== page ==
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(CNN)It's not every day that effective fungus-killing compounds are discovered, so researchers in Germany knew their recent find needed a special name. Identifying and testing three natural compounds that proved lethal to fungi, they were so impressed they've named the chemicals after actor Keanu Reeves, a nod to how he eliminates villains in movies such as "John Wick" and "The Matrix."
The potential treatment for fungi comes at a time when the organisms are becoming more and more resistant to known antifungals, according to study coauthor Sebastian Götze, a researcher with Germany's Leibniz Institute for Natural Product Research and Infection Biology. Not only are the newly named microbes effective against plants, researchers found the compounds — molecules commonly found in bacteria called lipopeptides — also to be an effective treatment against human fungal infections.
The study was published recently in the Journal of the American Chemical Society.
"The lipopeptides kill so efficiently that we named them after Keanu Reeves because he, too, is extremely deadly in his roles," Götze said in a statement.
"We have a crisis in anti-infectives. ... Many human-pathogenic fungi are now resistant to antimycotics (antifungals) — partly because they are used in large quantities in agricultural fields."
Called "keanumycins," the newly found antimicrobial compounds are a natural byproduct of the bacteria Pseudomonas typically found in soil and water. Researchers came across the compounds when studying Pseudomonas for their effectiveness against predatory amoebas.
Scientists have known that "many of these bacterial species (Pseudomonas) are very toxic to amoebae, which feed on bacteria," said lead study author Pierre Stallforth, head of the department of paleobiotechnology at the Leibniz Institute, in a statement. Stallforth and his fellow researchers wanted to explore the bacteria's effectiveness against fungi, which have a cell structure similar to that of amoebas, according to the study.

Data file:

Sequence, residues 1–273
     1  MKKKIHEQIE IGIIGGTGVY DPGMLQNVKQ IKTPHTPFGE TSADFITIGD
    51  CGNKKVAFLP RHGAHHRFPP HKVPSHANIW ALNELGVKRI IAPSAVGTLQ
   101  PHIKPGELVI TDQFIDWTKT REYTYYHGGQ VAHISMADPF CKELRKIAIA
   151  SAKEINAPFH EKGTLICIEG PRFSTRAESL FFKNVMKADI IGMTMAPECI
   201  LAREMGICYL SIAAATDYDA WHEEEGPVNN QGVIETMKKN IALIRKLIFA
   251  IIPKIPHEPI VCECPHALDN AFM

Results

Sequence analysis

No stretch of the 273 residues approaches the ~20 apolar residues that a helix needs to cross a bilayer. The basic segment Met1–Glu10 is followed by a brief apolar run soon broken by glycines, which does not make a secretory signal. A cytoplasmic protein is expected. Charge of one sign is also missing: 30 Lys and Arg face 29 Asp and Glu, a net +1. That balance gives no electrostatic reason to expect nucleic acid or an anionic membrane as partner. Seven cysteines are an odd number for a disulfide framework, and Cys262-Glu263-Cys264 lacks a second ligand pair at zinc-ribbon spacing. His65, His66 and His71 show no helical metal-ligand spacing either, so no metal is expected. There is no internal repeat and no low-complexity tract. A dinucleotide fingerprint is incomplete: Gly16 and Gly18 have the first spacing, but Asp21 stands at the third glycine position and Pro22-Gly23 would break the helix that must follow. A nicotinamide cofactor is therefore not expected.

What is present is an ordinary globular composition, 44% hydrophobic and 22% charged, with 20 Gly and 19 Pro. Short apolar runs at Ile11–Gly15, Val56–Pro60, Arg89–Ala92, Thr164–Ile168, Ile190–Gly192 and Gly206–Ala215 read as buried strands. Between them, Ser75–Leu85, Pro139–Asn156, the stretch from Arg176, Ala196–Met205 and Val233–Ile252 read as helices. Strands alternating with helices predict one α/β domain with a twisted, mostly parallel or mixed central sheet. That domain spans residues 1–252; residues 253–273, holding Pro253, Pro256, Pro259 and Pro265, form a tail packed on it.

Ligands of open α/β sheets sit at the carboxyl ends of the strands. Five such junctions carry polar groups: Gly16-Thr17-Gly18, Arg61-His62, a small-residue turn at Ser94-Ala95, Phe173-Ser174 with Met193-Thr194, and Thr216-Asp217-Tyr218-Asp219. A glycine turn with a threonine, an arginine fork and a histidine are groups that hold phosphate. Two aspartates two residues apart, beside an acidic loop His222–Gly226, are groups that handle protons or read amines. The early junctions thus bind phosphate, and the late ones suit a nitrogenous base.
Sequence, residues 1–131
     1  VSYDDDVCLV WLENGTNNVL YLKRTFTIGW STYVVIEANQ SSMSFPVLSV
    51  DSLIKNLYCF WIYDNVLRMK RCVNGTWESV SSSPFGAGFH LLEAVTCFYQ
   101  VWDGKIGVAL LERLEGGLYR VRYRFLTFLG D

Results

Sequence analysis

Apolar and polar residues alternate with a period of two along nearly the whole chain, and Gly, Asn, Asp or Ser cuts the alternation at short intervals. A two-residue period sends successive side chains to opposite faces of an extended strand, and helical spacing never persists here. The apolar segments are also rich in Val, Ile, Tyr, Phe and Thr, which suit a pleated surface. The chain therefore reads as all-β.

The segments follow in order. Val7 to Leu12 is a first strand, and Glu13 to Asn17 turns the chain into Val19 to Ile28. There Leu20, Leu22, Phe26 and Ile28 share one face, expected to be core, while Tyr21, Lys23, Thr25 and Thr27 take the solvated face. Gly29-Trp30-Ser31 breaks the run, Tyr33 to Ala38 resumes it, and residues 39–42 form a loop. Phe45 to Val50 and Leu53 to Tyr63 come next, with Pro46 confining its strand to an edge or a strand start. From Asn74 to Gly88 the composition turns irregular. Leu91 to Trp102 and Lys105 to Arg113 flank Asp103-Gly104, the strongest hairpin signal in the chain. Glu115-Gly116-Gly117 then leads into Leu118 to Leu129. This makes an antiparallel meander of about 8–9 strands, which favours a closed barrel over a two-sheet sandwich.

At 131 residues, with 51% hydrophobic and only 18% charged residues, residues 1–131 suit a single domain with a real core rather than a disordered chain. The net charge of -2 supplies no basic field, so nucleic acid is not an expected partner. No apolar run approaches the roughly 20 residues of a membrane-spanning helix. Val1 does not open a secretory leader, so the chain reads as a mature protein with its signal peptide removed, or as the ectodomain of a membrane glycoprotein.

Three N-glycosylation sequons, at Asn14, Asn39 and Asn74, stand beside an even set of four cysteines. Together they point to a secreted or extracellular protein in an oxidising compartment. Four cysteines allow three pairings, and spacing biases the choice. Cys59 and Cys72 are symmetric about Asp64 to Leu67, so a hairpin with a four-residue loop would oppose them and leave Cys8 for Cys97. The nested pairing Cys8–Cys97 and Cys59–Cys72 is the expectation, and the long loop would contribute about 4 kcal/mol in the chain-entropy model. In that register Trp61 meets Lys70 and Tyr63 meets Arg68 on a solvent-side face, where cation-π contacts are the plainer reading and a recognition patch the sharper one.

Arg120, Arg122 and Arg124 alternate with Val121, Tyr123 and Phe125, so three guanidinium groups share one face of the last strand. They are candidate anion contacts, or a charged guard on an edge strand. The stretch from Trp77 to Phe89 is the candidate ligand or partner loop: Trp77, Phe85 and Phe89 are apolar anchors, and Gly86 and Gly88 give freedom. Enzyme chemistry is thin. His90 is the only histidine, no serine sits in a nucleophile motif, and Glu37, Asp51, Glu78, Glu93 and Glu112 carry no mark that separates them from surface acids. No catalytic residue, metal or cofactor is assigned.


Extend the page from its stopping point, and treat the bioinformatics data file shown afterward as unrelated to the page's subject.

What keanumycins can do
Researchers initially tested keanumycins A, B and C on a hydrangea that had been infected with Botrytis cinerea, a plant pest better known as the trigger for gray mold rot. The fungus commonly infects certain fruits and vegetables and causes collateral damage to harvests.
The compounds are biodegradable, according to the study, and could provide an environmentally friendly alternative to pesticides in efforts to save food supply.
Further testing also showed that the keanumycins are effective against Candida albicans, a natural yeast that's typically found in the human microbiome but can overgrow and turn into a severe infection.
Fungal infections have been a hot topic recently due to HBO's "The Last of Us," and as the show suggests, the conditions can be difficult to treat but not impossible. (HBO, like CNN, is a unit of Warner Bros. Discovery.) Testing of the keanumycins has shown that the compounds are not especially harmful and toxic to human cells, a problem often seen in the development of antifungal treatments since fungal cells share similar properties with animal cells.
"This study documents another exciting means by which microbes have evolved to compete with and fight other organisms," said Dr. Matt Nelsen, a researcher from Chicago's Field Museum, in an email.
"Previous efforts have sought to exploit such natural products for human use to combat animal and plant pathogens," Nelsen added. "However, over time, many pathogenic organisms — including fungi — have evolved resistance to the chemicals we use to battle them. Consequently, we need to find a new way to 'outsmart' or 'one-up' them."